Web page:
Last Spring, I sent a letter to the former chief of the Penobscot People, Barry Dana. I asked him to consider inviting me to a sacred native tradition that he had mentioned to me in a phone interview. Weeks later, he still hadn't responded so I called him one morning. He explained that he had just talked to the Penobscot elders and they agreed that inviting me was a good idea. The event, which is called the Katahdin 100, was held Labor day weekend. This is a small part of the story of my experience.
On Saturday morning, I wake up before four AM. My family drags themselves into the cars, and we drive to a church parking lot at the entrance to Indian Island in Old Town, Maine. We wait a long time. Barry Dana and friends show up late in a pickup truck and someone yells in good humor, "Are we early?" We follow them across the island to a clearing outside a cemetery where others are gathered. A young guy grabs a bow drill from a bag and starts a fire with just wood and string in minutes. I love it! I teill my cousin Christopher about the difficulty of learning the bow drill last Spring. Soon, 35 people, mostly natives, are circled around the small fire for the starting ceremony of the event. We all take turns offering tobacvco and prayers. Barry's mother offers prayers in the native language as the sun rises. Many ask for safety for the canoeists and runners as we journey together over the next two days along the Penobscot River. Our destination is one hundred miles away at the base of the sacred mountain Katahdin. Then, we start to run.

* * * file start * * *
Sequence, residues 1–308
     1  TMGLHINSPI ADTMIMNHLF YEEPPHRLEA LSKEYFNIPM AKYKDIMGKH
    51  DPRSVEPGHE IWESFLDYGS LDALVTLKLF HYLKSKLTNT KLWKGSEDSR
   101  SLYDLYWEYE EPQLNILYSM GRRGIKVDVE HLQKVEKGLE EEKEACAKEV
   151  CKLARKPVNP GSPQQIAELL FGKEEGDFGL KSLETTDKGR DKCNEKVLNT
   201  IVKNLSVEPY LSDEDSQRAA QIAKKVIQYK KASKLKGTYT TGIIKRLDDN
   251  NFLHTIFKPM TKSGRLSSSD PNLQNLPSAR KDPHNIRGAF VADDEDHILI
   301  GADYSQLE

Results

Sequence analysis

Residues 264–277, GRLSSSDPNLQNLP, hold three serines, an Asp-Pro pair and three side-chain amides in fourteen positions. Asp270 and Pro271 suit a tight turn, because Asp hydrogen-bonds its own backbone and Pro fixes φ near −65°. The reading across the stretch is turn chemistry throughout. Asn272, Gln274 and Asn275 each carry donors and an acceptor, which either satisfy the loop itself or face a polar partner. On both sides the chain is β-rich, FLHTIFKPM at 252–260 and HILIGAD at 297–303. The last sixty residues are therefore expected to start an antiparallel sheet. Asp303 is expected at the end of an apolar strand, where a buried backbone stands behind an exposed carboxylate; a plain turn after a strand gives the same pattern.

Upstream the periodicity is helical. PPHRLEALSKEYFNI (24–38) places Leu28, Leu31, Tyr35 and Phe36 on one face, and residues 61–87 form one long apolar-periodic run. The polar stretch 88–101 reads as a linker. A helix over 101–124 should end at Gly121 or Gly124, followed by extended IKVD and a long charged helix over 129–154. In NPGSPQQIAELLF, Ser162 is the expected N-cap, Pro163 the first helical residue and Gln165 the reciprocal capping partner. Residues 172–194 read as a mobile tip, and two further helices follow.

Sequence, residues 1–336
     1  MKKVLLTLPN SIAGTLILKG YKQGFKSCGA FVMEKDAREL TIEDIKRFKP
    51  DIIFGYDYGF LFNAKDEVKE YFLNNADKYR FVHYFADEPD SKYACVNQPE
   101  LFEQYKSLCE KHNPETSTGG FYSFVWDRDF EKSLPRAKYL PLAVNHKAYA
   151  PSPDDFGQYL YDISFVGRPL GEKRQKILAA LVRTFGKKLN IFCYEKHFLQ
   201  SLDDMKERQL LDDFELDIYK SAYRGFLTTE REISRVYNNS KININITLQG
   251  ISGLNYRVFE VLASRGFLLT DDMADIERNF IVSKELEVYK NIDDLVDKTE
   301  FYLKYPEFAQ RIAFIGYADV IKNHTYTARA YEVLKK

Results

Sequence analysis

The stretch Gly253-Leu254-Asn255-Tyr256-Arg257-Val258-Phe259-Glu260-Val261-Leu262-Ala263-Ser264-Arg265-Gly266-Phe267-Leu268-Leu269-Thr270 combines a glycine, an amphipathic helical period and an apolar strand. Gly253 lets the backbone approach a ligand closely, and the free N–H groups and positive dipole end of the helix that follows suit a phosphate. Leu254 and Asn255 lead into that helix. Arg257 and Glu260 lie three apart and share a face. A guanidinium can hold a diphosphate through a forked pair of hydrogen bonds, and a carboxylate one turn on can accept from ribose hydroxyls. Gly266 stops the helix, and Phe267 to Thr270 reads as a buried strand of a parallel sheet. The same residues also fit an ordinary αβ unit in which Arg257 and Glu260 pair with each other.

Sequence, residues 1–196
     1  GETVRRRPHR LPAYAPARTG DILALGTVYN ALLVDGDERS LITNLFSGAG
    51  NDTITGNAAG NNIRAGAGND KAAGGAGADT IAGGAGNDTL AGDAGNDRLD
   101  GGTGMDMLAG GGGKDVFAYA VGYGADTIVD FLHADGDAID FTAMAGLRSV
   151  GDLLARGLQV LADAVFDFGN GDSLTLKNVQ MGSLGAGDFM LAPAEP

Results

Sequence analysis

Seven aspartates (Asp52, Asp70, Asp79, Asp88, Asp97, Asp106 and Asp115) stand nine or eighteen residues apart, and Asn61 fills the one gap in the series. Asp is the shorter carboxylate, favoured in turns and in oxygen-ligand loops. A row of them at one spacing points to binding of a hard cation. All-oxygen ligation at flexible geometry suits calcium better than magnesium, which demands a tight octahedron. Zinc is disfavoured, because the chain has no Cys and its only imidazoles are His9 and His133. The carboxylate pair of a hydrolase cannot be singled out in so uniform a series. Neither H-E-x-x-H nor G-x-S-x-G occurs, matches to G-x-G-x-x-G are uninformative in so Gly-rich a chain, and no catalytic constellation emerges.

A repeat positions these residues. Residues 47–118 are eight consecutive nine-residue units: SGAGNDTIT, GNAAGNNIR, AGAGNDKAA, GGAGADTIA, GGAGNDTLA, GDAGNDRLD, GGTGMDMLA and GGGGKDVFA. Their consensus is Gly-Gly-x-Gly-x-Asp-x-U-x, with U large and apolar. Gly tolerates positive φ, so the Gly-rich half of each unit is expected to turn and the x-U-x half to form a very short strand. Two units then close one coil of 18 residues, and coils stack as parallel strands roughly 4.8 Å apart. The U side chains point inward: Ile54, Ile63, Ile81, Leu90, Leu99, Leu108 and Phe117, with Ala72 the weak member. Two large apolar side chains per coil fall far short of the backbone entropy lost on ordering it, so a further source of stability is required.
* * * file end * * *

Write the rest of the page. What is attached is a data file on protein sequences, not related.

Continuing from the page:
Barry told me the strategy a few days ago. Since no one has seriously trained over the summer, we will stick to a run and walk ratio of 4 minutes to 1 minute. We'll take a five minute break every six miles. The road crew, which feeds and fuels us during the run, will stop every mile for us. I'm initially disappointed to hear we are walking so often. I'd rather use momentum to carry me through the miles instead of stopping and starting over and over. I told my parents that I would start with the group, then break way when I felt ready, 25 or maybe 50 miles into the run. I never did break away from the run and I am grateful for it.
I run into my first challenge just after starting. Running behind Barry's daughter, Sikwni, I catch a scent that takes me back one year. I am in Baxter State Park, trudging along hiking trails behind a girl with the same scent. I can't think of anything to say. We hike in a sad silence. We were trying to repair a friendship with a long hike in a beautiful place but it won't work. Like the past three years, I have developed a severe clinical depression and have little spirit. Life is miserable.
This flashback is jarring and my focus from the run dissolves. What cruel luck to be reminded of sad memories like this. They bring to mind many stupid and shameful decisions I made once. Now I have countless hours ahead of me vulnerable to these thoughts. Lessons from therapy kick in and bring myself back to the present. We are running seven strong across the road. I've been ambitious enough to sign up for the longest journey I have ever made on foot. Unlike the past four summers, I am healthy, happy, and free of depression. I carry a wide grin today.
Barry runs in flip flops for over eighty miles. He says he's never ran more than eight miles in them before this. I am amazed and inspired to run light next year...
Check tomorrow for more recap!